Notes and Editorial Reviews
Unlike other Beethoven piano sonata cycles on the market, the present release is truly complete in that it includes the rarely performed early C major sonata and F major sonatina without opus numbers, the three "Elector" sonatas Wo47, the Andante favori in F (originally intended as the Op. 53 "Waldstein" sonata's slow movement), and the D major Op. 6 sonata for piano duet. More importantly, the Romanian-born/American-raised pianist Peter Takács, who teaches at Oberlin, has lived with, thought about, and performed this repertoire over the course of his long professional life, and his interpretations abound with intelligent virtuosity and insight.
Takács is not a colorist on the level of Arrau
or Kempff, yet his keen attention to voice leading and responsiveness to Beethoven's frequent, sudden dynamic shifts lend textural interest to the performances, as well as reveal the pianist's deep-rooted affinity for the composer's essentially linear style. These qualities especially come home to roost in the three Op. 2 sonatas, which split the difference between Murray Perahia's classical poise and the comparably brasher Pollini and Kovacevich editions.
Flexible lyricism and infectious brio enliven the Op. 7 and Op. 22 sonatas' outer movements, along with the finales to both Op. 14 sonatas and Op. 26. Takács also spins out detached, woodwind-like passages with marvelous character and humor, such as in the Op. 10 No. 2 finale, Op. 28's Andante, and Op. 31 No. 3's Scherzo, while movements based on variation form (Op. 26's opening, the "Appassionata" Andante con moto, the Op. 109 and Op. 111 finales) benefit from assiduously unified tempo relationships. And like Glenn Gould, Takács imbues some of Beethoven's thornier left-hand sequences with remarkable melodic clarity, albeit in a less iconoclastic fashion. Examples of this include the "Les Adieux" sonata's spiraling runs, Op. 27 No. 1's finale, and Op. 110's first movement.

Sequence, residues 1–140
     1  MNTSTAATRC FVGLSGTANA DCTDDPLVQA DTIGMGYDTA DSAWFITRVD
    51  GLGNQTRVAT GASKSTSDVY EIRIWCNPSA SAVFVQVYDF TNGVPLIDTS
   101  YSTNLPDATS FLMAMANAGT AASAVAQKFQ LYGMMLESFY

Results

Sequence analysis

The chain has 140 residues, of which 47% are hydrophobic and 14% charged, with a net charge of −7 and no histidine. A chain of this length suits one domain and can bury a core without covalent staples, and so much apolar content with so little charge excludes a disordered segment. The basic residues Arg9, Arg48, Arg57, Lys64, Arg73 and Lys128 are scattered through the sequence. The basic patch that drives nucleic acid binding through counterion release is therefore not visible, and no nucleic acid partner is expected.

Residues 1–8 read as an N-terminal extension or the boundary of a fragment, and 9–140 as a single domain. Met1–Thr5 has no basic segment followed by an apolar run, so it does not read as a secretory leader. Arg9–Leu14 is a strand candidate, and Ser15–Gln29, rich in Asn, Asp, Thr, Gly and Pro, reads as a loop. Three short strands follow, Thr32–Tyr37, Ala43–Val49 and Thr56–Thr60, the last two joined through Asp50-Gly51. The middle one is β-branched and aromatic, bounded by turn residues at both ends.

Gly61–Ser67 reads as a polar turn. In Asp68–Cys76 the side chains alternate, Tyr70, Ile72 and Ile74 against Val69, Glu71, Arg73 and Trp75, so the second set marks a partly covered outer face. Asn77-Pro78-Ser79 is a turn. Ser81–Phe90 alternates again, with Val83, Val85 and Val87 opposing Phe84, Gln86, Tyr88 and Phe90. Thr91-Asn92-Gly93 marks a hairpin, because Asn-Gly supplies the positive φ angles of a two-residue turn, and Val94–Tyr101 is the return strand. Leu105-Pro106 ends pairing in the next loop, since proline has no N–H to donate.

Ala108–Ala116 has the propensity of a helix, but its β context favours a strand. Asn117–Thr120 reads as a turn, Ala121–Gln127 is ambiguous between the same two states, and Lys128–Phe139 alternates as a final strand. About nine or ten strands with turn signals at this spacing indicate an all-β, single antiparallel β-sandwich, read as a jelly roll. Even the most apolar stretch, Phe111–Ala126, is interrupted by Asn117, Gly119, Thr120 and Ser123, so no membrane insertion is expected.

Takács' inspiration particularly takes wing in shorter works. I love the pianist's slightly dry yet spirited energy in Op. 54's moto perpetuo finale, his fluid, almost conversational demeanor in Op. 78's first movement and both Op. 90 movements, plus his disarming, seemingly off-handed way with simpler fare such as the two Op. 49 sonatas and Op. 79.
Oddly enough, I find Takács treading a little too carefully in some of the so-called "name" sonatas: he holds back in the "Moonlight" finale, is too dynamically constricted in the "Waldstein", and gradually slows down as the "Hammerklavier" sonata's all-but-impossible fugue progresses. Furthermore, Takács' rhythmic distensions in the Op. 101 Scherzo dissipate the march rhythm's cumulative momentum. Still, Takács' overall high level of achievement warrants admiration, together with excellent surround-sound engineering that does the pianist's Bösendorfer Imperial Grand full justice.
Cambria's packaging is first class all the way, with all 11 SACDs housed in a sturdy, easy-to-access booklet, a 144-page book featuring Takács' extended, informative essay "The Mind of Beethoven", accompanied by score samples and visual illustrations, plus a fold-out Beethoven timeline organized by biography, music, literature, science, and history. Such production values and artistic integrity are rare in an era where major labels habitually cut corners. Well worth considering.
--Jed Distler, ClassicsToday.com
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